Barry Heard. Author

Guestbook

Post a Comment

Oops!

Oops, you forgot something.

Oops!

The words you entered did not match the given text. Please try again.

Already a member? Sign In

870 Comments

Reply KelRoyard
12:41 AM on March 10, 2019 
Viagra Shop Apotheke Sildenafil Generica Kamagra Jelly Orale 10 Bustine viagra Drug Reviews Health About Biz
Reply Angela
6:06 AM on January 23, 2019 
Hello Barry,
It was really nice to meet and talk to you today in Dymocks , Collins St.
Kind Regards,
Angela
Reply Richard Morgan
1:29 AM on December 31, 2018 
Thanks Barry for a wonderful book,
I was a nasho and am a Vietnam vet, though I didn't have an experience such as yours.
You've given us a raw and moving account.
I particularly appreciated your observations on the immoral ransom conscription which existed at the time.
Best wishes for the future.
Reply Melvin Grevstad
10:28 PM on July 23, 2018 
Dear Barry, I have just finished reading your book and would like to thank you so much for your writing such a powerful emotional book. I would like to mention that I was referred to your book by a cousin from Norway who is trying to get a better understanding of the emotional part of war that is not typically brought up in most books about warfare, you have certainly exceeded any previous work to date.
About my own experience as a USA Army infantry grunt in Vietnam I can certainly relate. After I completed high school I worked for a year as a carpenter until I was drafted in October 1966, had eight weeks basic training and then eight more weeks of advanced infantry training. Then I was sent to OCS and was commissioned a Second Lieutenant after only one year in the army and just 20 years old! This was not that unusual apparently because at the time lieutenants were in short supply! I spent the next year at a desk job in the states and at the age of 21 was sent to Vietnam to lead a platoon in combat. I somehow managed to survive the year get promoted to First Lieutenant and sent home and discharged from the army! After a few years of trying find myself I was also lucky enough to find a wonderful girl to marry and have three wonderful children. I was also able to go to college to become an Industrial Arts teacher. After thirty years I was also diagnosed with PTSD and understand your journey. Thank you again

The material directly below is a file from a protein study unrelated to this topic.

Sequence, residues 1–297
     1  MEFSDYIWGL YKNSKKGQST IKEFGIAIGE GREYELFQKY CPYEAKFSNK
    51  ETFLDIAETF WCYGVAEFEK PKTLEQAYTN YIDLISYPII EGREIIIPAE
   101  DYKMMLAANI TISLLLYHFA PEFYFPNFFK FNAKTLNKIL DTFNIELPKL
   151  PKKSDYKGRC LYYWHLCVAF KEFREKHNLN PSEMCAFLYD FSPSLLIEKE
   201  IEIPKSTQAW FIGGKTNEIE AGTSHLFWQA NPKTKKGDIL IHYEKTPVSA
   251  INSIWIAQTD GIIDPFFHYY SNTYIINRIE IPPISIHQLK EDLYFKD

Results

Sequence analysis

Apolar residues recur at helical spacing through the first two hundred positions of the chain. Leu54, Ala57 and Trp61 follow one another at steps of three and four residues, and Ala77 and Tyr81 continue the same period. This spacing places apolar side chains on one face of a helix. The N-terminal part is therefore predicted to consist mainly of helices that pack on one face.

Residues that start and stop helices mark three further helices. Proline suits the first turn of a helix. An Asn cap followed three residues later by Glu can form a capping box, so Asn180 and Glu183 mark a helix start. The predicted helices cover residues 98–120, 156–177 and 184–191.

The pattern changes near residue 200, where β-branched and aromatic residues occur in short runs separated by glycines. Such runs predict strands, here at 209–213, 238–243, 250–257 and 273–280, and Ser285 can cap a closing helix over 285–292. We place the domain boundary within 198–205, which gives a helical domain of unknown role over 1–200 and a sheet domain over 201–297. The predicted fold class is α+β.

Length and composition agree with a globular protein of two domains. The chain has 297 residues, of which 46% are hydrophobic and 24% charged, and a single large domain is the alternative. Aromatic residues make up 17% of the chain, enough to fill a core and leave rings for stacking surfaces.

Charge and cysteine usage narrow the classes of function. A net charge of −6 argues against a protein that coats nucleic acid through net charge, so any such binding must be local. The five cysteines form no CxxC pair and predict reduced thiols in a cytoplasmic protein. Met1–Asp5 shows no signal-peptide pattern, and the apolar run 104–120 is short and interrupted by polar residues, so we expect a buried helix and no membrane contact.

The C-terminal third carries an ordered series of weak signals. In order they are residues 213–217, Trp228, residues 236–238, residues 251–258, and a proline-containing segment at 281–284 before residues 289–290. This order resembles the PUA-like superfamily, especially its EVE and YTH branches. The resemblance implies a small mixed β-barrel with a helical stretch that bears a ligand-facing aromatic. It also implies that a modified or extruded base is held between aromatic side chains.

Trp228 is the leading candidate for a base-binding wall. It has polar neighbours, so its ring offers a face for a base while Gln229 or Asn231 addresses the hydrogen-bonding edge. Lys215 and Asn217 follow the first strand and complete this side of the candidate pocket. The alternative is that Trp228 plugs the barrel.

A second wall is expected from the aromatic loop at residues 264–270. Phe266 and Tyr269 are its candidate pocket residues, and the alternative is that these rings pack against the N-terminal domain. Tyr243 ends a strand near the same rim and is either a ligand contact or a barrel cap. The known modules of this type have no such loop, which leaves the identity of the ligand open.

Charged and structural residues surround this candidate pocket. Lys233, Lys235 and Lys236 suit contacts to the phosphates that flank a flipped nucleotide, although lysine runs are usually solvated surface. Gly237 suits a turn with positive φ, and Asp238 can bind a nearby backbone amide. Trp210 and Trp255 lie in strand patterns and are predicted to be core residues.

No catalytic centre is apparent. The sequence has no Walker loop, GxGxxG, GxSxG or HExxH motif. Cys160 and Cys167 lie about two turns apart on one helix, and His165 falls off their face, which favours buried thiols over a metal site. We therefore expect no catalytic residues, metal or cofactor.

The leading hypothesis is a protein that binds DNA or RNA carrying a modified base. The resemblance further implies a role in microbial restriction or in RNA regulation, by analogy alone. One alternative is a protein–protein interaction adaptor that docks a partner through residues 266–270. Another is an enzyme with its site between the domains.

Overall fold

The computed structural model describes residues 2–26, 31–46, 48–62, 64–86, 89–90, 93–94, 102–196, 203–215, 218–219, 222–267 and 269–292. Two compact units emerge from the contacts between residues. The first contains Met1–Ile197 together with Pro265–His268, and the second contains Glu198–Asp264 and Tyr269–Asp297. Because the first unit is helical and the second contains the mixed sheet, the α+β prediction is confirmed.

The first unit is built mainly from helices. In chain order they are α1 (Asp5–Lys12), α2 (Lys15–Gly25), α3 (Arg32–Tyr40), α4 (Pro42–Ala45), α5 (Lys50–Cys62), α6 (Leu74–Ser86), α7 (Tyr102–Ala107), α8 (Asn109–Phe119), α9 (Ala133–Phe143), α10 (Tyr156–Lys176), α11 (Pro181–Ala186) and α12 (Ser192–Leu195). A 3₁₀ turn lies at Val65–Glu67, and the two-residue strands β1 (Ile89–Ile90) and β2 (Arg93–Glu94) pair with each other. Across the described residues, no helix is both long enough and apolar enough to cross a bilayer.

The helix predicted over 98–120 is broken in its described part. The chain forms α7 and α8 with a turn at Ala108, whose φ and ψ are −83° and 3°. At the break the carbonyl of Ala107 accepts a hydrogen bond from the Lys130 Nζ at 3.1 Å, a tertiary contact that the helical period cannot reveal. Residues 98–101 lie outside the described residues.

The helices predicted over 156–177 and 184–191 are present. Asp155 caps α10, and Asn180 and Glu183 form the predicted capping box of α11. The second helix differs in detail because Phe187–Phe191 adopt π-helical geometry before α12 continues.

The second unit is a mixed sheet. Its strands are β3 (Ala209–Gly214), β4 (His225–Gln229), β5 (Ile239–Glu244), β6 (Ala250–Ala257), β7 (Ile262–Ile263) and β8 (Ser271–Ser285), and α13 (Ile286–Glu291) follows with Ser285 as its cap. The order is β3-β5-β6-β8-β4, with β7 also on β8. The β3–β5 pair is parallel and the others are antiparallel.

Reply Peter Riedlinger
7:46 PM on June 22, 2018 
Dear Mr H Jusr read. WDTM. I was conscripted and served with the RAE working with infantry, tracks and tanks. Thanks for the book. When you say how we had all the firepower and they had only themselves and yet they won really rang true with me. More people should make that point. For the record: service Number 1734049. Unit 2Tp 1st Field Sqd RAE. Tour of duty Nov 68 to Nov 69. All the best. Peter Riedlinger
Reply Joe Hitch
7:08 AM on May 7, 2018